There are several enjoyable aspects of a lunar eclipse:
You can look straight at the moon and not damage your eyes
They “seem” to be more frequent than solar eclipses
The effect is chilling
One beautiful part of this eclipse was the moon was a few degrees from Spica in the constellation Virgo. At first the moon was bright enough to overwhelm the 15th brightest star the sky. But as the moon fell into the Earth’s shadow, that imbalance changed until Spica, a giant blue star, gracefully complementing the scene.
For the photographers out there, here is what I shot with:
The thing about shooting with a 180mm telephoto lens on a full-frame sensor body is that shooting any longer than 1 second causes the sky objects to begin leaving tell-tale streaks, better known as star trails. Also, I wanted as much sharpness as I could get out of my 180mm, so I shot it at f5.6 rather than f2.8. At effectively infinite distance, the depth of field didn’t matter, but the smaller aperture made for easier focusing. It also helps reduce or eliminate halos around highly contrasted subjects, too.
As can be seen in the extreme crop at the right, the star is no longer a point but rather an oblong shape, indicating the 1.6 second shot was too long.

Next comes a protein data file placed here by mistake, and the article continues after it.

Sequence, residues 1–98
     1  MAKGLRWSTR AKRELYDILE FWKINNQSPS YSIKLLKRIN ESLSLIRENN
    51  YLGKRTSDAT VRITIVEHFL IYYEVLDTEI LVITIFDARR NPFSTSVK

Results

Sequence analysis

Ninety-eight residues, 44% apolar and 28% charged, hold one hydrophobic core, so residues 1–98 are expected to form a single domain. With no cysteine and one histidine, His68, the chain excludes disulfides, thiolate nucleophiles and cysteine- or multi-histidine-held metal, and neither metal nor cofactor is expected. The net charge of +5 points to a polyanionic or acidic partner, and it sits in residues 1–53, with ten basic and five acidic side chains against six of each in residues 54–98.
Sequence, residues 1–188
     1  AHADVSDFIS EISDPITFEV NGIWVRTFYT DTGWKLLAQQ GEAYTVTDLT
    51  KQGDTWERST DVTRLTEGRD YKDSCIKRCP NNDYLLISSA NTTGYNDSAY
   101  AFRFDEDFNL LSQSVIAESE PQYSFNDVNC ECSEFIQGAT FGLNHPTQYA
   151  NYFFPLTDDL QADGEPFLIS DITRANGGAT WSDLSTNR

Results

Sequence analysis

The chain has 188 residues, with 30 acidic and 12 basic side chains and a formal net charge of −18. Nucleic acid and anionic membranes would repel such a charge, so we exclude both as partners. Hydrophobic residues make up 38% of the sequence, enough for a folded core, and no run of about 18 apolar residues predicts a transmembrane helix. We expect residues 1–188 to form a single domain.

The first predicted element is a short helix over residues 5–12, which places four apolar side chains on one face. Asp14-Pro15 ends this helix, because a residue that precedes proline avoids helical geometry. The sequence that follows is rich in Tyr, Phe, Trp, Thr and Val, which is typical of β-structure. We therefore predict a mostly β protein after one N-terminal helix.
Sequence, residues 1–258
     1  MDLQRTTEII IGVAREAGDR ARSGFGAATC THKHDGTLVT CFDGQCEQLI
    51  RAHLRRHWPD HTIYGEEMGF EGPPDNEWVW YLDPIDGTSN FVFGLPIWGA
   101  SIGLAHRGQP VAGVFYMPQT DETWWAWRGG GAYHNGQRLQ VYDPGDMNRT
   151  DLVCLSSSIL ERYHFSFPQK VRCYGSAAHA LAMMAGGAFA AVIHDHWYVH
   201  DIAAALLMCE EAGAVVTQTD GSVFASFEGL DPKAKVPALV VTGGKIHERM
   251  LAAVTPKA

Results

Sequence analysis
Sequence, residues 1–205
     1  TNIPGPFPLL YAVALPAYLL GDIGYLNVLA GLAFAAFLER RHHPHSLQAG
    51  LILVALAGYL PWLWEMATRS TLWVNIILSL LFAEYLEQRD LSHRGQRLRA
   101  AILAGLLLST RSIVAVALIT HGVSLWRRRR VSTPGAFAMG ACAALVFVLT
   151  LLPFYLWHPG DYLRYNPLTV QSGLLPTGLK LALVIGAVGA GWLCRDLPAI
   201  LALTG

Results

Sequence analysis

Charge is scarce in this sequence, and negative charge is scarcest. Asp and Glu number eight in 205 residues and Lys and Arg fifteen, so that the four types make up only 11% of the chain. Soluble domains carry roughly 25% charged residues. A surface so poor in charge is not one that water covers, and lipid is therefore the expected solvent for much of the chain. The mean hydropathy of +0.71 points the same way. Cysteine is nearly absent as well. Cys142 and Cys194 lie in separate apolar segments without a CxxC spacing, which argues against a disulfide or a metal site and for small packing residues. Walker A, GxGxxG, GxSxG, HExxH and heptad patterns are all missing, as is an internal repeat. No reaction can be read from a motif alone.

An hour after the moon rose on the horizon, I photographed it as a comparison point against the eclipsed version. Using Ansel Adam’s oft-quoted formula, I knew exactly the exposure I wanted to put the moon in Zone VII to make it properly bright without being blown out. Here are my settings:
Those settings or a proportionate variation will give you great full moon shots. The exposure setting has to do with knowing the luminance of the full moon is 250 cd/ft^2. Using that setting as the shutter speed, one can place the moon in Zone V. But that makes the moon gray. So to make the moon a bright but not blown out Zone VII, all I have to do is drop the shutter speed 2 stops, from 1/250 – 1/125 – 1/60. A perfect moon every time.
Note that with a setting of 1/60, a lens like the 180mm will be blurry due to handholding. This is where both the tripod and exposure delay come in. Even on a tripod, shooting that slow with a long lens will show vibration. Adding mirror lockup is even better. The initial vibrations damp out from the shutter slap. Then, depressing the shutter release again, the D800 begins its 3 second shutter delay. For really long shots, I’ll even use the camera’s self timer and set it for 10 seconds with mirror lockup.
While driving back from Kelly toward Jackson, WY, this scene opened up right before me. I was very lucky to have my Nikon 80-400mm and Nikon D800 with me, as my shorter lenses and Nikon D300s body would not have captured the detail or tonal range of this image. We were out for a drive to check out the warm springs and to see if any interesting animals were out in the weather. I just happened to bring my extra gear.